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The Genome of Your Pet Fish Is Extremely Weird

Humans have domesticated a large number of animals over their history, some for food, some as companions and protectors. A few species—think animals like rabbits and guinea pigs—have partly shifted between these two categories, currently serving as both food and pets. But one species has left its past as a food source behind entirely. And, in another rarity, it ended up serving not so much as a companion but as a decoration.

ARS TECHNICA

This story originally appeared on Ars Technica, a trusted source for technology news, tech policy analysis, reviews, and more. Ars is owned by WIRED’s parent company, Condé Nast.

We’re talking goldfish here, and we’ve now gotten a look at their genome. And it’s almost as weird as the fish themselves are.

It’s worth stopping for a moment to consider just how weird they are within the realm of domestication. They started out just as slightly colored

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Academies’ report reviews debate on genome editing for crop improvement

crop
Credit: CC0 Public Domain

Since the ruling of the Court of Justice of the EU of 2018, which placed genome-edited crops under the Genetically Modified Organisms (GMO) legislation, the scientific community has passionately debated the future of these new breeding techniques.


The new ALLEA report “Genome Editing for Crop Improvement” presents the state of the art of scientific evidence in the field and explores paths to harmonize EU legislation with recent scientific developments, while particularly considering relevant ethical and societal considerations.

The report summarizes the discussions between scientific experts, policy-makers and civil-society organizations at a public symposium Genome Editing for Crop Improvement held in Brussels in November 2019, where ALLEA and the Royal Flemish Academy of Belgium for Science and the Arts KVAB invited relevant stakeholders and the interested public to assess and discuss the impact of the ruling on present research and developments in genome editing for plant breeding.

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Cauliflower coral genome sequenced

Cauliflower coral genome sequenced
KAUST researchers compared populations of cauliflower corals to identify sites in the genome linked with adaptations. Credit: KAUST; Hagan Gegner

The sequencing of the genome of the cauliflower coral, Pocilloporaverrucosa, by an international team,provides a resource that scientists can use to study how corals have adapted to different environmental conditions.


The cauliflower coral, also known as brush or lace coral, is one of the most popular corals in research because it is found throughout the Red Sea, the Indian Ocean and the Pacific Ocean. “Having the genome will help us understand the genetic basis underlying the species’ adaptation to different environmental conditions,” says Carol Buitrago-López, a Ph.D. student supervised by Christian R. Voolstra, “which might shine light on how corals could respond to global warming.”

Buitrago-López was seeking a sequenced cauliflower coral genome for use in population genomics studies of corals throughout the Red Sea. The habitat gradient in the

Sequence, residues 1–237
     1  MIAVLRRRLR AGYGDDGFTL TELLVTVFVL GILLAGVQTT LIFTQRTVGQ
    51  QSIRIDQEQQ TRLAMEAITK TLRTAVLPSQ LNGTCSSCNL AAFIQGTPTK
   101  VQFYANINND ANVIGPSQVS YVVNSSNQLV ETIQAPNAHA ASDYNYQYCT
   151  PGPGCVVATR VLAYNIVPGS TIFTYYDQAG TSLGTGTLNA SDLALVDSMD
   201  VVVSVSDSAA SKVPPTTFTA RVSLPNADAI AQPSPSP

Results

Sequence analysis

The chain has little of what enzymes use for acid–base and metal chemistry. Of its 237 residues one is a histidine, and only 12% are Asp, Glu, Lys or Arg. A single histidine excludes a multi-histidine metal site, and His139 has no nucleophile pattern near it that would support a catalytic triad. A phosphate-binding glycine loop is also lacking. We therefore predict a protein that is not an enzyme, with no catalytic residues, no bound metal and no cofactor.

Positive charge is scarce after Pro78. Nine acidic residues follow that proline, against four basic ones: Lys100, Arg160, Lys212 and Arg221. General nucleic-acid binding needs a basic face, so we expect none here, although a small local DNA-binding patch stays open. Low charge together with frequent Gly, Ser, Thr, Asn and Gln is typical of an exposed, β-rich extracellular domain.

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Genome sequencing shows climate barrier to spread of Africanized bees

Genome sequencing shows climate barrier to spread of Africanized bees
A wild honeybee in Davis, California. European honeybees (Apis mellifera) were introduced to the Americas in the 1600s. Since 1957, “Africanized” honeybees (Apis mellifera scutellata) have interbred with other honeybees. New genomics research shows that climate forms a barrier to the spread of these scutellata genes to the north and south. Credit: Erin Calfee

Since the 1950s, “Africanized” honeybees have spread north and south across the Americas until apparently coming to a halt in California and northern Argentina. Now genome sequencing of hundreds of bees from the northern and southern limits shows a gradual decline in African ancestry across hundreds of miles, rather than an abrupt shift.


“There’s a gradual transition at the same latitude in North and South America,” said Erin Calfee, graduate student in the Department of Evolution and Ecology at the University of California, Davis, and first author on the paper, published Oct. 19 in PLOS Genetics

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UW Genome Sciences

Upcoming Events


Tuesday, May 19

Dissertation Defense: Nick Hasle
(Fowler Lab, Ph.D. in Genome Sciences)

“Using visual phenotypes to dissect sequence-function relationships and complex drug responses”

1:30 | flier | defense will be held remotely

Thursday, May 21

Dissertation Defense: Sarah Hilton
(Bloom Lab, Ph.D. in Genome Sciences)

“Modeling the effects of site-specific amino-acid preferences on protein evolution”

2:00 | defense will be held remotely

 

For a complete listing of GS events, please see the events calendar.





New Faculty


Genome Sciences is delighted that Dr. Alison Feder has accepted our offer to be an assistant professor and will join the department in 2021. Dr. Feder is currently a Miller Fellow at the University of California, Berkeley. She is a mathematical biologist who studies evolutionary forces that drive rapid adaptation, such as that seen in

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